The numerous current issues that carry urgency on local and international fronts have, predictably, crowded out other significant topics which have long been awaiting action or decisions. The unified family law for Christians is one such topic; pressing and important as it is, it has been eclipsed by national challenges that include the issues of the Grand Ethiopian Renaissance Dam, the Libyan crisis, the COVID-19 pandemic and, lately, the groundwork for Senate elections.
I last evoked the issue of the unified family law for Christians in March 2020. I wrote with optimism, given that the three major Egyptian Churches: the Orthodox, Catholic and Evangelical, had approved the final draft of the law to submit to the government which would in turn set it up as a personal status (family) bill for Christians, as it is officially labelled. It would then turn it over to the House of Representatives for discussion, approval, and passage into law.
Even though the prospective unified personal status law for Christians includes chapters and articles that tackle all aspects of Christian family matters, I have been especially keen on its including a chapter on inheritance that would stipulate, according to Christian principles, full equality between men and women in inheritance shares. This equality has long been obscured, as courts mainly resorted to applying the Qur’anic principle that a man inherits double the share of a woman, even though no such rule exists in Christianity. This has jeopardised the rights and dignity of Christian women. I am still hopeful that achieving this equality between men and women in the unified family law for Christians would pave the road for similar legislation for our fellow Muslims. If so, Egypt would catch up with Tunisia whose government approved in 2018 a bill for equality between men and women in inheritance shares, and has submitted it to parliament for approval.
Today, as we await passage of the unified family law for Christians, I am yet vigilant for any positive signs to apply this frequently absent justice. I have been keen to highlight court rulings that assert equality between men and women in inheritance shares. It is true that some of these rulings involve intricacies particular to the parties to the case in question, yet they remain a source of optimism for other plaintiffs until the unified family law for Christians is passed.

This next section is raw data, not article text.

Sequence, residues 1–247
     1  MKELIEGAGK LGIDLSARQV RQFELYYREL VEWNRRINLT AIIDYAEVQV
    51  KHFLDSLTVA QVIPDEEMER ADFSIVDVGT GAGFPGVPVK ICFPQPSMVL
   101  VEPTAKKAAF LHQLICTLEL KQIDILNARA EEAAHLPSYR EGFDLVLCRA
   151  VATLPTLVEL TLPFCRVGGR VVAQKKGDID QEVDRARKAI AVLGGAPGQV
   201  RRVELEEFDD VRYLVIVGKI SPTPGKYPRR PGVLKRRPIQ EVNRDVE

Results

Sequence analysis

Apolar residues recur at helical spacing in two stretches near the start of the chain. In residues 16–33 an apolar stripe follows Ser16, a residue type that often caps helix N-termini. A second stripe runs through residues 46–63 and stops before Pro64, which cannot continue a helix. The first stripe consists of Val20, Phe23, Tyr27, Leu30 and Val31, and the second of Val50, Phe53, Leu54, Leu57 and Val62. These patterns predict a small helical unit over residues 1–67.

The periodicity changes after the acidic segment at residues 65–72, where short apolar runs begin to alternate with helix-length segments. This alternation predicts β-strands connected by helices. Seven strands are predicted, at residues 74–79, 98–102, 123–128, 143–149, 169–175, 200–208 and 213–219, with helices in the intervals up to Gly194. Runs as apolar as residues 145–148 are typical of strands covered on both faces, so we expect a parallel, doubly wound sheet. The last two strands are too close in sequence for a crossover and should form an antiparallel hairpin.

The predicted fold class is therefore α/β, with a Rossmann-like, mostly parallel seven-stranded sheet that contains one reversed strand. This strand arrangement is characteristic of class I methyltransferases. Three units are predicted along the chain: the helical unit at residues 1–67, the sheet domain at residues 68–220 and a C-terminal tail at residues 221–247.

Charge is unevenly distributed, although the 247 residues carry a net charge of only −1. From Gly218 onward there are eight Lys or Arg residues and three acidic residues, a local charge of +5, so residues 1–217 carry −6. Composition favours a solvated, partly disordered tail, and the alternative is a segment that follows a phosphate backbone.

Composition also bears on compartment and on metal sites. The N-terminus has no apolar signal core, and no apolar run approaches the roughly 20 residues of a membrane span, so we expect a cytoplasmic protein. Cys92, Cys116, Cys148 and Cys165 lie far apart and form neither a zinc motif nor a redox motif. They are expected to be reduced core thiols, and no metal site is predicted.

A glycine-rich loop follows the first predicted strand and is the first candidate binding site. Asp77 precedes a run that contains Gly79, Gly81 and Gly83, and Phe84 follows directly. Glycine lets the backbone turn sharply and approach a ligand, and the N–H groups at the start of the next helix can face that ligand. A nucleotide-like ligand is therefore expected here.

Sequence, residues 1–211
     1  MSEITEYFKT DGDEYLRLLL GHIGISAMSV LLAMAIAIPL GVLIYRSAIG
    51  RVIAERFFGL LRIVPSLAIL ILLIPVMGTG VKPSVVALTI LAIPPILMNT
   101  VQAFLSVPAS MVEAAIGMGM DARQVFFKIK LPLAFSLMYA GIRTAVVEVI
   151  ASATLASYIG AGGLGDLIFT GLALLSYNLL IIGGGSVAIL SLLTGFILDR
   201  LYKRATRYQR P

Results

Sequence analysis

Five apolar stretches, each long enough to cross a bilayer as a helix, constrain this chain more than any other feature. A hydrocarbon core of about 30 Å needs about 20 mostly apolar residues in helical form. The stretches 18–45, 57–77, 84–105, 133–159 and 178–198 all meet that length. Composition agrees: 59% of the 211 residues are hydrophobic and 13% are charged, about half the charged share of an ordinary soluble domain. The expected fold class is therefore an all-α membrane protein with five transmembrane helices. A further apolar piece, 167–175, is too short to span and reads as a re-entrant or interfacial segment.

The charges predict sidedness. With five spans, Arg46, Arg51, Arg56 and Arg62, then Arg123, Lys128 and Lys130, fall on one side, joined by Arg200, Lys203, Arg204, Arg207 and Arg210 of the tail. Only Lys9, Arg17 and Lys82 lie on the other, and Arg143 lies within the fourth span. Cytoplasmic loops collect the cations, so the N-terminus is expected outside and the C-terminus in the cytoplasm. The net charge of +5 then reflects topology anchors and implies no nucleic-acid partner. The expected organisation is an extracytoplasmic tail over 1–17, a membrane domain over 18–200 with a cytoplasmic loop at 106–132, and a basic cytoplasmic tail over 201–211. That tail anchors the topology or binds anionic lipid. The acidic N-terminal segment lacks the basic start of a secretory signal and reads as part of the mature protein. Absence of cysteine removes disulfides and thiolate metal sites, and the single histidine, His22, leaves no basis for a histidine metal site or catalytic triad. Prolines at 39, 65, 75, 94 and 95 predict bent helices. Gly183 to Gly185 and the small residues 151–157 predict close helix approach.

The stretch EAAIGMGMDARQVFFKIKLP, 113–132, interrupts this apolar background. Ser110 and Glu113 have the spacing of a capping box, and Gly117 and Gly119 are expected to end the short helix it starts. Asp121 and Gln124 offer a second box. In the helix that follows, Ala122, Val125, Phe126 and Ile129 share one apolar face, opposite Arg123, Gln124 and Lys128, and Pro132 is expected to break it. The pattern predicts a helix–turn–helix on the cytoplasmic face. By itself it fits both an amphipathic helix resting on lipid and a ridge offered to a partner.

In June 2019, I wrote about a ruling issued by the Cairo Court of Appeals, circuit 158 personal status affairs. The court ruling, which was final and definitive, ruled that Coptic Orthodox men and women inherit equal shares, according to Article 3 of the Constitution and Article 247 of the current Coptic Orthodox family bylaws. The legal reasoning behind the new ruling declared that Article 247 of the Family Bylaws for the Coptic Orthodox stipulates that if a person dies leaving no children or living parents, the spouse should be given his/her share of inheritance, and the remaining part of the estate should be equally divided between the brothers and sisters of the deceased, provided they are full brothers and sisters.
Once again, on 20 May 2020, the Court of Appeals issued a similar ruling. The Cairo Court of Appeals, circuit 8 family affairs, endorsed a ruling issued by the Family Court of Nasr City and appealed before the Cairo Court of Appeals, regarding a dispute over the inheritance shares of full brothers and sisters. The ruling number 1797 for 2015, Family Court Nasr City, confirmed the decease of the Christian woman M.Y.B.; declaring that her estate goes solely to her husband M.S.H. who is entitled to half of her estate, and her three brothers and two sisters who are entitled to the remaining half in equal shares between men and women; the ruling confirmed the nonexistence of any other inheritor. The court based its ruling on Article 3/2 of Law number 1 for 2000 which stipulated that in cases of disputes that concern family affairs for non-Muslim Egyptians belonging to the same sect and who had until 31 December 1955 been subject to the Melli judicial authorities, rulings must be based on their doctrines in what does not oppose public order. Accordingly, the Bylaws for the Coptic Orthodox must be applied in this case, as per Article 247 of the same bylaws, which stipulates that if a person dies leaving no children or living parents, the spouse should be given his/her share of inheritance, and the remaining part of the estate should be equally divided between the brothers and sisters of the deceased, provided they are full brothers and sisters, without discrimination between brother and sister.
This represents another case where our judiciary has asserted equality in inheritance shares between Christian men and women. Meanwhile, we await passage of the unified family law for Christians. We are still full of hope that Egypt will catch up with modernity through entrenching equality in inheritance shares for all Egyptian women across the board.
24 July 2020